The United Nations Rio Summit in Brazil 2012 called for a set of sustainable development goals (SDG). Building on this framework, several researchers have proposed six connected goals: (1) thriving lives and livelihoods; (2) food security; (3) water security; (4) clean energy; (5) healthy and productive ecosystems; and (6) governance for sustainable societies (Griggs et. al., 2013). No longer can I see sustainability as solely an environment movement and it clearly has not been viewed as such by those working in sustainability initiatives.

I’ve developed a bigger understanding of sustainability and have deepened respect for my colleagues who are leading initiatives at our university in the area of sustainability education. I now see my role personally – where I fit into the landscape of sustainability. I have newfound beliefs as to the challenges with school reform. It comes down to sustainability and the idea of sustainable being. For me to successfully navigate my day, I need to make healthy lifestyle choices. I need to be conscious of how my actions affect others and my self (karma). I need to utilize tools that keep my mind calm and my emotions in balance (tapas), and I need to share (daan). Each day I need to reflect on how I navigated my world and on what my impact was on those around me and that which sustains me, this earth (Swadhyaya). I need to walk my own spiritual path. Stress crosses all cultures. For teachers to successfully deal with the wide variety of issues that they face, including the diverse classrooms of today, they too must be able to successfully manage stress and engage in critical and deep self-reflection. They too must find whole health – Arogya- sustainable being. Each individual deserves the opportunity to create sustainable being for him or herself.

Sustainable Being and Teachers

What does sustainable being have to with teachers and school reform? Everything. A sustainable being, a sustainable teacher, is vital to any reform effort. There are four key prongs to fostering sustainable being: physical wellbeing, mental and emotional wellbeing and spiritual wellbeing.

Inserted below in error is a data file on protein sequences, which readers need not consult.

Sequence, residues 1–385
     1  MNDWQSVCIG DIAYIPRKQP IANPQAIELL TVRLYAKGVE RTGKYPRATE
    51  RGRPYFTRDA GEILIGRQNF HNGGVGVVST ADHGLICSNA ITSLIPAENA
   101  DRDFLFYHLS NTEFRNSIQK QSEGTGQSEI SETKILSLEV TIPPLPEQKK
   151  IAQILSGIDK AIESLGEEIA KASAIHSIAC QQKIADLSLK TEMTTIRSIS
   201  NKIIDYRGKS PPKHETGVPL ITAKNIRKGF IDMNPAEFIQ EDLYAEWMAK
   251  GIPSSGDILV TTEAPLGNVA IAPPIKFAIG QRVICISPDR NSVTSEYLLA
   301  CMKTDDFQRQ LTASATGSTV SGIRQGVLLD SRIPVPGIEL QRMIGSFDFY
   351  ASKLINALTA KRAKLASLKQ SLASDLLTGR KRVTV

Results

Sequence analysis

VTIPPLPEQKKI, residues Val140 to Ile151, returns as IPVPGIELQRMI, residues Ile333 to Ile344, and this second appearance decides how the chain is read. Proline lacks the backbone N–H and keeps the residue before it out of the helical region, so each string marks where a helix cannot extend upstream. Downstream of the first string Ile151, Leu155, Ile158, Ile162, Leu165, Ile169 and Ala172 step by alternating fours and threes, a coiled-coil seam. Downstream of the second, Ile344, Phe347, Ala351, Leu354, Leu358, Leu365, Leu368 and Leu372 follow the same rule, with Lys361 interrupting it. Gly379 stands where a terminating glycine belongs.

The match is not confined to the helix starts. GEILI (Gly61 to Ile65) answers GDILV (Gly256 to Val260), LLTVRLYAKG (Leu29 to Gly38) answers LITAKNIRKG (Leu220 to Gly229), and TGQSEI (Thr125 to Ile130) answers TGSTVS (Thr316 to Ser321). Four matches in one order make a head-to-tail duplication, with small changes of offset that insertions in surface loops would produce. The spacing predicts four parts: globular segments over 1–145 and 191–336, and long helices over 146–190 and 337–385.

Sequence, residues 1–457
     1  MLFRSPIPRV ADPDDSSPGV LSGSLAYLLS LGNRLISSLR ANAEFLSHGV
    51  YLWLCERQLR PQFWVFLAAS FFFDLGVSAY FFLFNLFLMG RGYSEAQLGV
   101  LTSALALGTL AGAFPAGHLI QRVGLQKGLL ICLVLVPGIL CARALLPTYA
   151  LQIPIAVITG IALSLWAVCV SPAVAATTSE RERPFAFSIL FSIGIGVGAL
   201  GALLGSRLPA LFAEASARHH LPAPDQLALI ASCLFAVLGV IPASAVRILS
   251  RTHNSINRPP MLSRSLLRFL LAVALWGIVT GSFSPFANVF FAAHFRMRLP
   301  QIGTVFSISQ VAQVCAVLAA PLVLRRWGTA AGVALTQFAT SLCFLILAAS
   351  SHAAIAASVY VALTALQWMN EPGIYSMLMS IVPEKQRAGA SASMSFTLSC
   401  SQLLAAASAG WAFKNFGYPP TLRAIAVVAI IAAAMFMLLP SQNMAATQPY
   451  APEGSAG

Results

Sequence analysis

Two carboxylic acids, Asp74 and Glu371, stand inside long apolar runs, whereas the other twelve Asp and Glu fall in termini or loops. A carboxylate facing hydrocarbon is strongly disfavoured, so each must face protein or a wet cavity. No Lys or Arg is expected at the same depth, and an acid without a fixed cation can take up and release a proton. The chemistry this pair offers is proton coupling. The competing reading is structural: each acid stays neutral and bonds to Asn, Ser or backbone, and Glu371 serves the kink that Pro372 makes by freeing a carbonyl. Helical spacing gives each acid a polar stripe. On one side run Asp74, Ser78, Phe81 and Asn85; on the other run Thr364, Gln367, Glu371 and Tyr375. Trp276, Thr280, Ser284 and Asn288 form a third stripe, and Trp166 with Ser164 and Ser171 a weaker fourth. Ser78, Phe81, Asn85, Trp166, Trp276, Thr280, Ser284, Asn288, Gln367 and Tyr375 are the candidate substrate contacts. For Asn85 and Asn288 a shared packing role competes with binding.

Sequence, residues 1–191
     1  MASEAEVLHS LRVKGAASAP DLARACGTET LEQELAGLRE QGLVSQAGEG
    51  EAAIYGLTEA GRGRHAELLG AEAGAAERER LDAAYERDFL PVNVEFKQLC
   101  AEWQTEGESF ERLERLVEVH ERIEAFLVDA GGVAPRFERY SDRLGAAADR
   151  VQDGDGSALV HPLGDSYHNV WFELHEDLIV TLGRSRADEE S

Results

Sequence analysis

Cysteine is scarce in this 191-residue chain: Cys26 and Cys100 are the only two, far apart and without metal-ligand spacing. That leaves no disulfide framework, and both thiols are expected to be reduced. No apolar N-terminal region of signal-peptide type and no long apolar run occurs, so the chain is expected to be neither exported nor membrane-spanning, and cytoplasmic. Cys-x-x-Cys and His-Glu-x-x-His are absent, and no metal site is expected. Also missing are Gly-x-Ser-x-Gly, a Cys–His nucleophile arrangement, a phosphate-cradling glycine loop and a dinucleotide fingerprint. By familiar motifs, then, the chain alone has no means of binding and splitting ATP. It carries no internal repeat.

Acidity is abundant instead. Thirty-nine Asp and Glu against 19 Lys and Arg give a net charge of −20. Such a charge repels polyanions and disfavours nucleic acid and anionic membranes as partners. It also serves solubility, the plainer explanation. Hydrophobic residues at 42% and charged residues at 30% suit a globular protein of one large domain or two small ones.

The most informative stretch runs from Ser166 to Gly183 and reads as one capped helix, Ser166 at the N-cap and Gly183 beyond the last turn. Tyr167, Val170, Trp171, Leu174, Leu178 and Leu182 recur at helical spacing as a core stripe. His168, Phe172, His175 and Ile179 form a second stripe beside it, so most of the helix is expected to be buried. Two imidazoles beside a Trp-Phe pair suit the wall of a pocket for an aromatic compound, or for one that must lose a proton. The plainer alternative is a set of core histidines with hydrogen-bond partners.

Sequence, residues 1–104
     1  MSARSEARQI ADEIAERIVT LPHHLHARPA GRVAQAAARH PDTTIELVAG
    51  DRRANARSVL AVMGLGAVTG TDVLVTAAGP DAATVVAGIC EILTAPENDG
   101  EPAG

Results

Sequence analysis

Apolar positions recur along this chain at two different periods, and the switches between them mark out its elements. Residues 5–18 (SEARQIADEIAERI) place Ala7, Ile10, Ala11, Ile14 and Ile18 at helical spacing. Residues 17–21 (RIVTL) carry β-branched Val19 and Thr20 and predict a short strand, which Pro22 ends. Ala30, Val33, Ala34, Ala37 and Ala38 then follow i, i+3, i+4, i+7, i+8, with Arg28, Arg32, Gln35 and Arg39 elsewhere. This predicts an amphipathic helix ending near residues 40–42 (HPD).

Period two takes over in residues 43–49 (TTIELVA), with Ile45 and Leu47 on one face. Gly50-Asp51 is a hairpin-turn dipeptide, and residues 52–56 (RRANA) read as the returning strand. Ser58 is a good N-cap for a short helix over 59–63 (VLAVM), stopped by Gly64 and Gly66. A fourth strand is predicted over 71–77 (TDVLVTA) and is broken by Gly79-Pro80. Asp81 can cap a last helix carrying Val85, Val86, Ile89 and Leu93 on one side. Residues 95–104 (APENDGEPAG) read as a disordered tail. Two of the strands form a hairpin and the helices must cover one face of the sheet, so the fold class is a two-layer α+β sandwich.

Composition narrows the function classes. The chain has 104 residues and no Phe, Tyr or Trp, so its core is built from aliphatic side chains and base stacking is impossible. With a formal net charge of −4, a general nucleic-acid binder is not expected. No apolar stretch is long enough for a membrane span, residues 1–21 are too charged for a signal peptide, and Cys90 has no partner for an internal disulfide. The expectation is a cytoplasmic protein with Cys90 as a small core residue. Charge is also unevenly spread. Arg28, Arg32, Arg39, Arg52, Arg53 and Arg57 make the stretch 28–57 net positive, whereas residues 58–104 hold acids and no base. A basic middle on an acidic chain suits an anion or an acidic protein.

Physical Wellbeing. Our physical body is literally our vehicle for change. Physical energy provides the stamina for prolonged effort and teachers must be physically healthy. Without a well working physical body our major tool for change becomes limited. Large change initiatives require energy. A lack of physical wellbeing leads to a vicious cycle of low energy and limited availability for children, let alone school change. Some illness leads to being physically absent whereas other forms of illness lead to decreased energy and or availability to be emotionally and mentally present.

We have learned so much as a society about how to take care of the physical being. Engaging in exercise that is self-loving and regular keeps our muscles strong. Eating whole foods and being conscious that what we put in our bodies has a direct impact on how we feel and function. Our food choices also have an impact on the planet; consuming sustainably grown and organic food supports both our own physical wellbeing as well as Mother Earth. The converse is also true; consuming junk foods, processed foods or genetically modified food not only impacts our physical being, it also has negatively impacted the planet. Taking care of and respecting our bodies is a major step towards Self-love and physical wellbeing.

Schools provide a great place to support one another with making good physical choices. For example, a friend recently shared how a group of teacher bring salad fixings two days a week to support healthy eating choice. Taking walks before or after school or intentionally planning time to hike or bike on the weekends can assist in taking care of the physical being.

Mental and Emotional Wellbeing. Change requires paradigm shifts. Whether subtle or drastic, any changes in ways of doing business or changes in self-perception require one to be able to view things from multiple perspectives. To do this one has to have the ability to set one’s ego aside and only mentally healthy people can readily do this. Tied to mental health is emotional health. In addition to letting go of old ways, one must be able to interact with multiple personalities, manage a myriad of complex personal relationships and do so with compassion and kindness. Change initiatives require hard and critical conversations that begs emotional stability.

This is particularly challenging in schools where the nature of the work requires people to work together as an extended family. Because so many have challenging issues with their own home based families, the additional dynamics within a school can be overwhelming. There is no one simple solution to mental and emotional health. Each person needs to exercise tools that support peace, first within. Recently a colleague showed me the wrist mala she was wearing and said, “I will be using this at our staff meeting.” She wasn’t joking. A powerful tool is the use of mantra, or quietly repeating a positive phrase. This calms the mind and can calm heated emotions that arise is challenging settings. There is such a growing array of community options for supporting individuals- yoga classes, meditation classes, and support groups. Teachers who choose to seek support can find low cost and even fun solutions!